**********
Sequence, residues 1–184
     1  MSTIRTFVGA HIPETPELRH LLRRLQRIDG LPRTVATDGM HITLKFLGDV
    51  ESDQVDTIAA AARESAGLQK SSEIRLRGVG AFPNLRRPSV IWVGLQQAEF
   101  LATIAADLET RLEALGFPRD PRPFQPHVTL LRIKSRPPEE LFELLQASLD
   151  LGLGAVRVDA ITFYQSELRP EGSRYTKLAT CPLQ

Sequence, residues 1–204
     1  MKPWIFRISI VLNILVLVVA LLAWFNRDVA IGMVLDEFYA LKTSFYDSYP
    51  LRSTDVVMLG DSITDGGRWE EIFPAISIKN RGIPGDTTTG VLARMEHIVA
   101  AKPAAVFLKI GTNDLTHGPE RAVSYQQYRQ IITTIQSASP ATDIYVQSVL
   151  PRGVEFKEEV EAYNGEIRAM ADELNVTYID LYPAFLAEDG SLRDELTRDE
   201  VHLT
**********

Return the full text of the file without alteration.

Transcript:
Sequence, residues 1–184
     1  MSTIRTFVGA HIPETPELRH LLRRLQRIDG LPRTVATDGM HITLKFLGDV
    51  ESDQVDTIAA AARESAGLQK SSEIRLRGVG AFPNLRRPSV IWVGLQQAEF
   101  LATIAADLET RLEALGFPRD PRPFQPHVTL LRIKSRPPEE LFELLQASLD
   151  LGLGAVRVDA ITFYQSELRP EGSRYTKLAT CPLQ

Sequence, residues 1–204
     1  MKPWIFRISI VLNILVLVVA LLAWFNRDVA IGMVLDEFYA LKTSFYDSYP
    51  LRSTDVVMLG DSITDGGRWE EIFPAISIKN RGIPGDTTTG VLARMEHIVA
   101  AKPAAVFLKI GTNDLTHGPE RAVSYQQYRQ IITTIQSASP ATDIYVQSVL
   151  PRGVEFKEEV EAYNGEIRAM ADELNVTYID LYPAFLAEDG SLRDELTRDE
   201  VHLT